What Kind Of Photographer Are you?

Landscape, or portrait, or documentary, or street, or a dozen other things might be the first thoughts that pop into your head. The question goes beyond merely genre. Let’s assume you care about whatever you point your camera at no matter if it’s still life, flowers, bugs, people, trees. A tiny bit deeper and we start to venture into bigger questions. How do you want to represent things in front of your camera? How do you want them to feel? Why?

These are questions that are easy to answer if you’re doing commercial work; Anything the client wants. When it comes to your own projects and photography they start to get harder to answer along with a thousand other more perplexing conundrums. I wanted to share some of my own proclivities and how they play out in terms of decisions related to more technical matters such as gear, tools, software, and other such things debated endlessly on the internet. I realize that none of us are singular dimensional. We all have different flavors and needs here and there but for the sake of discussion let’s pretend we only want to do “that one thing” that we gravitate to the most. I hope to give a glimmer of insight to your own thought processes as opposed to suggest you use mine. Think of them more as a template to get to your own answers.

What’s floated my boat for as long as I can remember is making photographs of people in certain documentary-like circumstance. Somewhat of a cross between street photography, environmental portraiture, or some strange mutated baby of the two. I’m looking for a certain something that happens. Far too complicated to go into here but I am familiar with conditions, gear, and approach that are better suited to what I’m looking for than alternatives.

Tripods, and lights, and reflectors, and assistants are not conducive to getting what I want. In terms of imaging aesthetics I fall into a particular rendering I prefer. Negative film way back a decade ago happened to give me the response in real world light that worked well. I shoot at wide-ish apertures and slow-ish shutter speeds like 1/125th and 1/250th and use ISO 400-1600 in 80% of real-world circumstances. Easy. My images are not that dependent on insane amounts of detail from a lines per millimeter measurement. I do have strong reactions to overall “look” that’s either working or not working with various image capture medium sizes, focal lengths, and the way the whole deal renders holistically at f/1.4 thru f/4 or sometimes f/5.6.

When it comes to output I really like more intimate images somewhere between 6 x 9 to 11 x 14 in actual size viewed close up. When viewed close I want really great tonality and depth. Up until my retina MacBook Pro LCD screens just don’t cut it. Now they do but I still hate distribution on the web because of the complete lack of control over the end viewing experience, size, color, etc. That puts me in “I don’t give a flying [email protected] mode” for web distribution.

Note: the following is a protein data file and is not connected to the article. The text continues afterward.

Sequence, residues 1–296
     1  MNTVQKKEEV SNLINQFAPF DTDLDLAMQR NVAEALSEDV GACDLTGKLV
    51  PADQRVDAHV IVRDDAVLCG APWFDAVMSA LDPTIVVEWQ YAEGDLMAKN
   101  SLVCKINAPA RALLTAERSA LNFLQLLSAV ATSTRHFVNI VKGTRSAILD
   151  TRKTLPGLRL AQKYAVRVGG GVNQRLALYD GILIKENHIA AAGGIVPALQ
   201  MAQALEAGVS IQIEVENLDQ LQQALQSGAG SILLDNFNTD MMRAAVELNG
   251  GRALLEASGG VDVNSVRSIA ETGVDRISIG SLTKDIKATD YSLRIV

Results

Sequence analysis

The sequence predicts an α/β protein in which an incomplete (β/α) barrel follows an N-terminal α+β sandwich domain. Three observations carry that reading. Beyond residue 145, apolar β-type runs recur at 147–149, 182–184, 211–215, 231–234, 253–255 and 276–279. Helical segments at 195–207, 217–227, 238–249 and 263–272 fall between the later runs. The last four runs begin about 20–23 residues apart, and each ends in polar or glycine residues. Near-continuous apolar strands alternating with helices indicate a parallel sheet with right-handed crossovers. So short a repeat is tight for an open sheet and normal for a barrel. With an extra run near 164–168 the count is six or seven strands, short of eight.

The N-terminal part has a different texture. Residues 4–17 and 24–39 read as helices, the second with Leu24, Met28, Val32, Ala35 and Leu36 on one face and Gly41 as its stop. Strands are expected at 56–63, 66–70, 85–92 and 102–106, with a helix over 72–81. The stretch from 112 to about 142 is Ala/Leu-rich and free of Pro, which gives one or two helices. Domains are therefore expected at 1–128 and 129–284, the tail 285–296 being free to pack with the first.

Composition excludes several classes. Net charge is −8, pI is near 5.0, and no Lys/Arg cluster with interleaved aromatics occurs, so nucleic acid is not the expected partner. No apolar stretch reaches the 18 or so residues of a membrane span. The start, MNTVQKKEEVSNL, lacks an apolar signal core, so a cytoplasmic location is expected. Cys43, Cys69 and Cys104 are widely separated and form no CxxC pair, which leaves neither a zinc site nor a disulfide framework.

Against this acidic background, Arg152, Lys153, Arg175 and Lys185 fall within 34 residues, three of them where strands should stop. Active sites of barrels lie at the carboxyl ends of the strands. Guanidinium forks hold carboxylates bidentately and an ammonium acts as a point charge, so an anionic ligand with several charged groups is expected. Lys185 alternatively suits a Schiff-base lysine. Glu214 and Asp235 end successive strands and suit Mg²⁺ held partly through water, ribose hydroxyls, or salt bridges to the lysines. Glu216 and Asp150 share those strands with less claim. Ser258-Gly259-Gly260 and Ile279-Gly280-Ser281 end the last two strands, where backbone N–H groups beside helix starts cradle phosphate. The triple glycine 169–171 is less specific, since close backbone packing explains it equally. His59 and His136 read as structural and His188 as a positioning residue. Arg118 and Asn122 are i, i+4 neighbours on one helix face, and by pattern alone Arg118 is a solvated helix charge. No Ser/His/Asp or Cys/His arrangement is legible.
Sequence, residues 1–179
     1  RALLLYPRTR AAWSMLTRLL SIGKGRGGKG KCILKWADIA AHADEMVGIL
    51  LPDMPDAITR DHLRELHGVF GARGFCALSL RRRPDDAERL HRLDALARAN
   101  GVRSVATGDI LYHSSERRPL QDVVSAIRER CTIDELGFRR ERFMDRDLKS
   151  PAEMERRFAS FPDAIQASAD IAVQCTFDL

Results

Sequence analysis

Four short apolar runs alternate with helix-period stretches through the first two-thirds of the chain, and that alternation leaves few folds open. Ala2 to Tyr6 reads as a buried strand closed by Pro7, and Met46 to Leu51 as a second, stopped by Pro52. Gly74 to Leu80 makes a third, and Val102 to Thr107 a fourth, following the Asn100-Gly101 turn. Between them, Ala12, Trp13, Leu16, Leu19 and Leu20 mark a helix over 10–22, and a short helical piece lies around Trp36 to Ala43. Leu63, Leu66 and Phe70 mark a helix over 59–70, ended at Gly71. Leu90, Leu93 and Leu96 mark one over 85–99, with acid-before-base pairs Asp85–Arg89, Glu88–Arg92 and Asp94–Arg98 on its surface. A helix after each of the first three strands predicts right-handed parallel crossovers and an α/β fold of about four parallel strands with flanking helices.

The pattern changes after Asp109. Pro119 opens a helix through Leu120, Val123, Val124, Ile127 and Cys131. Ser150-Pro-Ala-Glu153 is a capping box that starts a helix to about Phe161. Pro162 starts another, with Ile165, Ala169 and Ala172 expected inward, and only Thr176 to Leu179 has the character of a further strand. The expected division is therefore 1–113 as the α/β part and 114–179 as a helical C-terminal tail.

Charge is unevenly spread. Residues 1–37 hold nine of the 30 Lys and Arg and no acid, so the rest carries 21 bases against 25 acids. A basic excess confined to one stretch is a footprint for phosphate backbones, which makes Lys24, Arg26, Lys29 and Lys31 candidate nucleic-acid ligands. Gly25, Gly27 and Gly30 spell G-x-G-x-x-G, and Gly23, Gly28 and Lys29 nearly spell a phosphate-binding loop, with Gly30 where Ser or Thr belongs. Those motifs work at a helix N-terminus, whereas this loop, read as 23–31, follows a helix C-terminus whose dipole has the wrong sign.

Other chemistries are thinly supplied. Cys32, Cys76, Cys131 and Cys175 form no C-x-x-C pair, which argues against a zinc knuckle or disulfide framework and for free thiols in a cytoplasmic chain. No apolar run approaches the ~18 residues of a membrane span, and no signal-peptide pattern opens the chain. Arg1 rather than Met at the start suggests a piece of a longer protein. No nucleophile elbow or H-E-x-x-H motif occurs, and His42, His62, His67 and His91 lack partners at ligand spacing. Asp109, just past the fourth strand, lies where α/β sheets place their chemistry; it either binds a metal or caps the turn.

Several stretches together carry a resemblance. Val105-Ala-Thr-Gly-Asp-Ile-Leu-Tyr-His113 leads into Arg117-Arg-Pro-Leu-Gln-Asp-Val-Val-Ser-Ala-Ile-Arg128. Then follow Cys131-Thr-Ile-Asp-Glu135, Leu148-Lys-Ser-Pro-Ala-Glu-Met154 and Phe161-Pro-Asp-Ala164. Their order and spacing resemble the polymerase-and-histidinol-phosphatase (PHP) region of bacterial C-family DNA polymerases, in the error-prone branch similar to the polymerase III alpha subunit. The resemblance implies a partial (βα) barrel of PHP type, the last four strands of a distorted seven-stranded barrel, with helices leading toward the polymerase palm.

Every once in a while I’ll make a crazy big print for myself for my own work on my own projects. I mean crazy big like 4 feet x 6 feet or 6 feet x 9 feet. That kind of scale. Output wise pixel counts or ultimate resolution are inconsequential to me for the work I like to make most. I was fine with 35mm and 120 ISO400 speed film. Both made fantastic smaller more intimate prints with fantastic tonality and color. Crazy big print sizes don’t really count since no camera has enough pixels to do 300DPI at crazy big sizes for close examination. It’s more a matter of certain pictures “work” at big sizes and others don’t — far more subject and lighting dependent than pure technical quantities. Put another way I don’t care if I can only make 20 inch prints at an output beyond human eye sight resolving power or I could make a 24 inch print at the same resolution for even a 30 inch print at that resolution. All of them are beyond my target print size for close and intimate examination for the feel of a “real photograph” or even on a retina display. If I’m making a huge print than the difference is a nit between 12, 16, 24, 36… or whatever. In other words I’m okay and have been with 35mm or 120 film print sizes.

I also happen to like the inherent aesthetics associated with capture medium of those 35mm or 120 dimensions and focal lengths associated. I would feel differently if I shot things really far away or I wanted everything near and far in focus. I would also feel differently if I shot static subjects locked down on a tripod with tilt-shift lenses. The mechanics vary but the discipline and dynamics of the situation are similar to shooting large format back in the day. Yea, done that here and there but not my main interest; Still isn’t.

I’m pretty simple to satisfy but that’s only driven by what I like to shoot. What do I need? Not much, something that approaches 35mm or 120 film “look” when I output the sizes I like. A device that is smallish, with reasonable sized normal-ish lenses and a capture medium that allows me to shoot in real-world light without bringing gear and assistants to the equation. No lights, stands, reflectors, nothing. Negative film did all those things for me. Only in the past two years am I starting to get to where I was for my requirements. Doesn’t mean yours are the same but all of the decisions you make about cameras should one way or another relate to what subject you like to shoot. Trying to optimize for all subjects usually compromises all of them to a degree.

More to come.


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